In February this year, the MDC also made sensational claims that it was working with some disgruntled Zanu-PF MPs to impeach Mnangagwa over the country’s worsening economic rot, as well as the recent killings of civilians by security forces.
“Impeachment is one of the available ways to the country to get rid of this dictator. There are many people in Zanu-PF who are fed up with his brutal rule and they have been whispering to and encouraging us to take that move (impeachment).
“There is, therefore, no doubt that impeachment can be carried out … every possible card is on the table, but I will not divulge our next strategy for now. “Violation of the Constitution is central to every impeachment process, the main one being the crimes against humanity that were committed on the people of Zimbabwe in August 2018 and in January 2019,” combative MDC Alliance deputy national chairperson Job Sikhala told the Daily News then.
The larger-than-life Zengeza West MP was referring to the August 1, 2018 army shootings which left at least six innocent civilians dead – after soldiers used live ammunition to quell an ugly demonstration that had broken out in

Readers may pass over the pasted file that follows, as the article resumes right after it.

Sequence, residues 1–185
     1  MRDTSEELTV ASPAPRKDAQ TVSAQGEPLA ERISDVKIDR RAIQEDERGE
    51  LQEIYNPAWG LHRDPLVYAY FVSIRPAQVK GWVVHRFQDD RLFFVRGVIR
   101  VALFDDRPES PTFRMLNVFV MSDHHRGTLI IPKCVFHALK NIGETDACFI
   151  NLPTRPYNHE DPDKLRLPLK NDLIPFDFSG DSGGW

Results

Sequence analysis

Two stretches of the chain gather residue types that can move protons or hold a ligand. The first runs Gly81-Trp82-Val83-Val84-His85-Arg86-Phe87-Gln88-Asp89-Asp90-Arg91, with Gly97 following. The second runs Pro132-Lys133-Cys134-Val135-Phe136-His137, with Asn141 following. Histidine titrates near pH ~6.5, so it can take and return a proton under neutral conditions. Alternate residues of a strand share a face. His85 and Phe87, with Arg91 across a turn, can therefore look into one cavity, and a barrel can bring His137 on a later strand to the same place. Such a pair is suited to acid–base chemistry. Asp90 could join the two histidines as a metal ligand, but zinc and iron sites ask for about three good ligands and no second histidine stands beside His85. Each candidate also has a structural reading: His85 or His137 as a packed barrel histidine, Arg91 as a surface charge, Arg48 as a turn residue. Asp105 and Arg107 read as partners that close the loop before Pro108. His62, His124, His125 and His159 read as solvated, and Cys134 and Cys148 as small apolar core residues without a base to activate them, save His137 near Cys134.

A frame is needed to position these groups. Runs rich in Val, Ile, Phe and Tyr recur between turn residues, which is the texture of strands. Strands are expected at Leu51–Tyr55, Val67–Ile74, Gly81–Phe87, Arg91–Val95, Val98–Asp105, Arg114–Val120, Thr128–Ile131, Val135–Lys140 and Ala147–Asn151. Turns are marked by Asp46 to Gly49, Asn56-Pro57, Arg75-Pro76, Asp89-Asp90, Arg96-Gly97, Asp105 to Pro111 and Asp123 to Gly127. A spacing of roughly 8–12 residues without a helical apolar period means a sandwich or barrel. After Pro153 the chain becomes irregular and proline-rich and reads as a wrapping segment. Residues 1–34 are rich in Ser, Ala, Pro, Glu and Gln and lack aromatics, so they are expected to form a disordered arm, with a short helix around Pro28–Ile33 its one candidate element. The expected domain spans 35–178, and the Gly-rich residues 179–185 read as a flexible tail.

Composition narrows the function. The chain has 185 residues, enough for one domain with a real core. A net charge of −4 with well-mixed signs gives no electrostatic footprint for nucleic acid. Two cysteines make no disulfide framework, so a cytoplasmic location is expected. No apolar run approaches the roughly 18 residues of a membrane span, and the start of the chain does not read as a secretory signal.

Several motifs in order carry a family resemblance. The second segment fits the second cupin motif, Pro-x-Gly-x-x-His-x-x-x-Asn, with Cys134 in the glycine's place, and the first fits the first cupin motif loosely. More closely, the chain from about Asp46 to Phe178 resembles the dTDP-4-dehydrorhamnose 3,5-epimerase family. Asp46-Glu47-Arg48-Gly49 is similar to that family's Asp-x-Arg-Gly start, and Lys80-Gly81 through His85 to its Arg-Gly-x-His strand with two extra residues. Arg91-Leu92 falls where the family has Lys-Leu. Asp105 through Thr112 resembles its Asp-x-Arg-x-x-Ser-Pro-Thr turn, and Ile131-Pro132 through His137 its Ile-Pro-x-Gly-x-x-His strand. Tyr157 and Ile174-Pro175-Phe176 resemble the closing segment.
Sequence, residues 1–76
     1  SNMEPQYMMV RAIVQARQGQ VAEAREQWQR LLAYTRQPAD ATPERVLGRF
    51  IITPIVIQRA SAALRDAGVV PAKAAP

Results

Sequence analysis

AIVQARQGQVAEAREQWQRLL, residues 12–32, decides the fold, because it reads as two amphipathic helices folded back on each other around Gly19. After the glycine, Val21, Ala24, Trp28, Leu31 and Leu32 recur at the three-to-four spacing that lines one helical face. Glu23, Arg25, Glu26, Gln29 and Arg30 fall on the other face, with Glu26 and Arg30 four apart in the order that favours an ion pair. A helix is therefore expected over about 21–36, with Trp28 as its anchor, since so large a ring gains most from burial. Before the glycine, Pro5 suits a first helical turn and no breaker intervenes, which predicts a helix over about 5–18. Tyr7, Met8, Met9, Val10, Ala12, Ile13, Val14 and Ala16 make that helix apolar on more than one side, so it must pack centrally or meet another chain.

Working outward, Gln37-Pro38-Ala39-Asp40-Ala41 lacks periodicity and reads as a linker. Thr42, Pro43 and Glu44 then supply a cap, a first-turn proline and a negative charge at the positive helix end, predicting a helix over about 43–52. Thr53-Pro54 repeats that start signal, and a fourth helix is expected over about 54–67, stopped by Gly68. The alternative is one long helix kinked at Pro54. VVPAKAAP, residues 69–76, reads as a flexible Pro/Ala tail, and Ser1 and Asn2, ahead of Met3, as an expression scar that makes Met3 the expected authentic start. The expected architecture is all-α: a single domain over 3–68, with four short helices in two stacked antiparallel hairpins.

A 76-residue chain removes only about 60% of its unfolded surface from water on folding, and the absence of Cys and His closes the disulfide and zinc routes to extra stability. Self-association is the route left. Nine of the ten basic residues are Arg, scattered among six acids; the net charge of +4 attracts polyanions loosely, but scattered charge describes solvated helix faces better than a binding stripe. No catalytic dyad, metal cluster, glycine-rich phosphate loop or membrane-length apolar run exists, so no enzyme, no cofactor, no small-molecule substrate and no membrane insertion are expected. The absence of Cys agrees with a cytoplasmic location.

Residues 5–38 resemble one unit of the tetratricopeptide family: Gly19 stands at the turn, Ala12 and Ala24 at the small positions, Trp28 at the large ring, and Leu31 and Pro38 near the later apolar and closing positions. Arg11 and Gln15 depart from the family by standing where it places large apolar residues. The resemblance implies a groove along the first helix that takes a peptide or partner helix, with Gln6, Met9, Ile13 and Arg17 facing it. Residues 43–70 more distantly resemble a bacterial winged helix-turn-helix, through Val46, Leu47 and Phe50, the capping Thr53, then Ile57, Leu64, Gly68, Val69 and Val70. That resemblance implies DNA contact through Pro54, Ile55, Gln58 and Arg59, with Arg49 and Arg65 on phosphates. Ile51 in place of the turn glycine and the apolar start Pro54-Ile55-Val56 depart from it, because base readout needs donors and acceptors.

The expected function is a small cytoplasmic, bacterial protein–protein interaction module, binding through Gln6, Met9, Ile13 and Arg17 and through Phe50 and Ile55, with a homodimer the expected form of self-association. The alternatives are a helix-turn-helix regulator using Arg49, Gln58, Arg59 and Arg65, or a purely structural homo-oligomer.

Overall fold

Security forces were further accused of killing at least 20 civilians in January 2019 following deadly riots which erupted in Harare, Bulawayo and several other towns – after a steep fuel price hike that was announced by Mnangagwa ahead of his trips to Eastern Europe at the time. Sikhala said all this formed part of the grounds to impeach Mnangagwa – who later set up a commission of inquiry to deal with the 2018 killings.
Rights groups and Western powers have also demanded punishment for security forces accused of killing civilians.
Under the country’s jurisprudence, impeachment is a process that may be used to charge and to remove from office public officials accused of serious misconduct.
Section 97 of the Constitution says the Senate and the National Assembly, by a joint resolution passed by at least one-half of their total membership, can deal with the question of whether the president or a vice president should be removed from office for various reasons.
But a president can only be removed from office if he or she is found to have engaged in acts of serious misconduct; has failed to obey, uphold or defend the Constitution; and wilfully violates the Constitution or is unable to perform the functions of the highest office in the land because of physical or mental incapacity.